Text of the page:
“What makes this program different from others is that Carol has the research and the data to backup its effectiveness. The research on the association between working memory and academic achievement makes this program an ideal choice for sharpening a student’s academic skill. As a father, uncle, teacher, and educational researcher, I would recommend this program to any parent seeking to build the learning capacity of their child’s brain.”
John Almarode, Ph.D.
Department of Early, Elementary, and Reading Education
James Madison University
Listed below are research studies and articles related to cognitive development.
EQUIPPING MINDS INCREASES VERBAL AND NONVERBAL ABILITIES, IQ, AND ACADEMIC SKILLS
This research design was a true quantitative experimental study of the effects on working memory when applying the Equipping Minds Cognitive Development Curriculum (EMCDC) among learners diagnosed with specific learning disorder (SLD). A school who serves learners with a specific learning disorder (SLD) initiated contact with Equipping Minds, which allowed access to the population sample. Thirty-two participants in 4th through 8th grade were randomly allocated into an Active Control and a Training Group. READ MORE HERE Dr. Brown’s research has been accepted for publication for April 2018 in an international medical journal.
Equipping Minds To Learn Four Year Case Study with a learner with Down syndrome
The principal could not believe this had happened. Until this time, Marie had made minimal progress and her academic test scores had remained static from third to fourth grade. The change in these scores had been achieved over the last nine weeks through one-on-one cognitive developmental exercises for enhancing processing, working memory, comprehension, and reasoning, which was divorced from academic content. Previously, she had received the standard interventions: remediation of content, learning strategies, and accommodations. These may have short-term benefits, but were not targeting the underlying cognitive deficits in processing and working memory, which would increase her cognitive abilities.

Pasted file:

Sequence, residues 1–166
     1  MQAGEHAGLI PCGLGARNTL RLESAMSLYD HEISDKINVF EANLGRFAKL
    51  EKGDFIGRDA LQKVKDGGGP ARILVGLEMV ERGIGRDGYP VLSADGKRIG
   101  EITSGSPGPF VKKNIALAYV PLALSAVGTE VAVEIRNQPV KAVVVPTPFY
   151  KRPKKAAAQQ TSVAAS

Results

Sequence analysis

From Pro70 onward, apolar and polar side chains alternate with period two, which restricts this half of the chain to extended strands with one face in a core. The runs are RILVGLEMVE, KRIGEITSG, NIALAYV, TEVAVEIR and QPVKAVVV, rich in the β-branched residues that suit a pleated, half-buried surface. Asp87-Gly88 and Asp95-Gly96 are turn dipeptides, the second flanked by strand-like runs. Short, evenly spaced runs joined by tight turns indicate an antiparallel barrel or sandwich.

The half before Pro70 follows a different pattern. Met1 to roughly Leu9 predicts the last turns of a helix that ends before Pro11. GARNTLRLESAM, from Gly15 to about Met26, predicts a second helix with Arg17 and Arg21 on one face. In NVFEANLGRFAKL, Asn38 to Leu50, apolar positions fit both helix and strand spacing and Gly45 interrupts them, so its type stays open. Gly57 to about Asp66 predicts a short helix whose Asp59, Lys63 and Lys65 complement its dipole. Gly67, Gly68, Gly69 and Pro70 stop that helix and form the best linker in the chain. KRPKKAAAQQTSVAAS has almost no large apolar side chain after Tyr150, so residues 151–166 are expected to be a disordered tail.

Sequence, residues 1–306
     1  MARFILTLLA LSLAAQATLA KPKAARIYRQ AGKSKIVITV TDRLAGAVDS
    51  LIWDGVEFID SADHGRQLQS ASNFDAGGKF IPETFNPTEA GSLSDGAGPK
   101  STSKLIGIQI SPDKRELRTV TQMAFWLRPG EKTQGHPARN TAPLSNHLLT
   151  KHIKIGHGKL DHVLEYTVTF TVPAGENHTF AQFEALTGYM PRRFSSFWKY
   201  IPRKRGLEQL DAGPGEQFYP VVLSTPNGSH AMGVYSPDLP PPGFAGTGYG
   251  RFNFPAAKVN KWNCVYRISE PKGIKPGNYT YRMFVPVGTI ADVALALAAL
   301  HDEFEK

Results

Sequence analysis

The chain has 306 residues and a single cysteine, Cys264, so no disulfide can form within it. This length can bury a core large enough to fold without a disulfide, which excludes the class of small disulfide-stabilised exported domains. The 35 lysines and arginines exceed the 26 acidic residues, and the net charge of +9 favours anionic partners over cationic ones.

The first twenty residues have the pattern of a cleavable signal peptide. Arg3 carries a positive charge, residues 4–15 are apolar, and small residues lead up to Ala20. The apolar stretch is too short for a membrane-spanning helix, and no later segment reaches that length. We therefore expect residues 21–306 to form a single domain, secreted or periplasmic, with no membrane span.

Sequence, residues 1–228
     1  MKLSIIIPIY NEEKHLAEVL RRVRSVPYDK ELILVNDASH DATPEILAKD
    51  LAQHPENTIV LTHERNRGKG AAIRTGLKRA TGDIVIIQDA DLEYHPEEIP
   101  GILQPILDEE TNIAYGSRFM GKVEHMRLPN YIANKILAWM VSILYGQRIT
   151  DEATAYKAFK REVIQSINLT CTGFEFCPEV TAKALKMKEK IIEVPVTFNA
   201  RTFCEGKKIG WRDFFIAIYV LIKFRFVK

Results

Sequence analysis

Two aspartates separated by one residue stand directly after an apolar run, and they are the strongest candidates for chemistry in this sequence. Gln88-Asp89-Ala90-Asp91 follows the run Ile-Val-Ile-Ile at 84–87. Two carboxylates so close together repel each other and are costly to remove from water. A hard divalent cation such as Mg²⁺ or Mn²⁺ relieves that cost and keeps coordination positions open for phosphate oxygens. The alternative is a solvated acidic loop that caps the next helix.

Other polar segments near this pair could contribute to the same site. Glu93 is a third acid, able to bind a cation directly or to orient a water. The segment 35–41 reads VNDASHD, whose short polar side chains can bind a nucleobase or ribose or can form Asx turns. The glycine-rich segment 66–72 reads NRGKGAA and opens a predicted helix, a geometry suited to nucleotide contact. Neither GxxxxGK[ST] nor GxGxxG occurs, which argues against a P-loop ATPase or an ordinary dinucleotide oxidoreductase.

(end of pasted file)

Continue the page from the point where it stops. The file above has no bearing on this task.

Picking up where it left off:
Marie would continue the cognitive developmental exercises and continue to progress academically for the next four years. In 2015, she scored in the 39th percentile in mathematics, 36th percentile in science, and the 7th percentile in reading on the Stanford 10 National Assessment Ranking as a 7th grader. Marie’s progress is significant for those who still believe 85% of the measureable intelligence is due to nature or one’s genetic factors and only 15% due to nurture or environmental factors ( Herrnstein & Murray, 1994) which holds to a limited potential for change. Marie has Down syndrome and an intellectual developmental disorder, which many believe limit her ability for significant academic gains. However, Marie’s improvement implies that cognitive developmental exercises can be generalized to apply to academic achievement for learners who have an intellectual developmental disorder. Below are the results of the MAP tests after that first nine weeks and over the next four years (Figures 1, 2, 3,4). Marie has made significant gains across the board. It should be noted that while Marie has Down syndrome, the only accommodations she received on MAP testing was extended time and having a reader for math, science, and language. She read the reading assessments herself. Click Here to continue reading: Journal Article cej-article.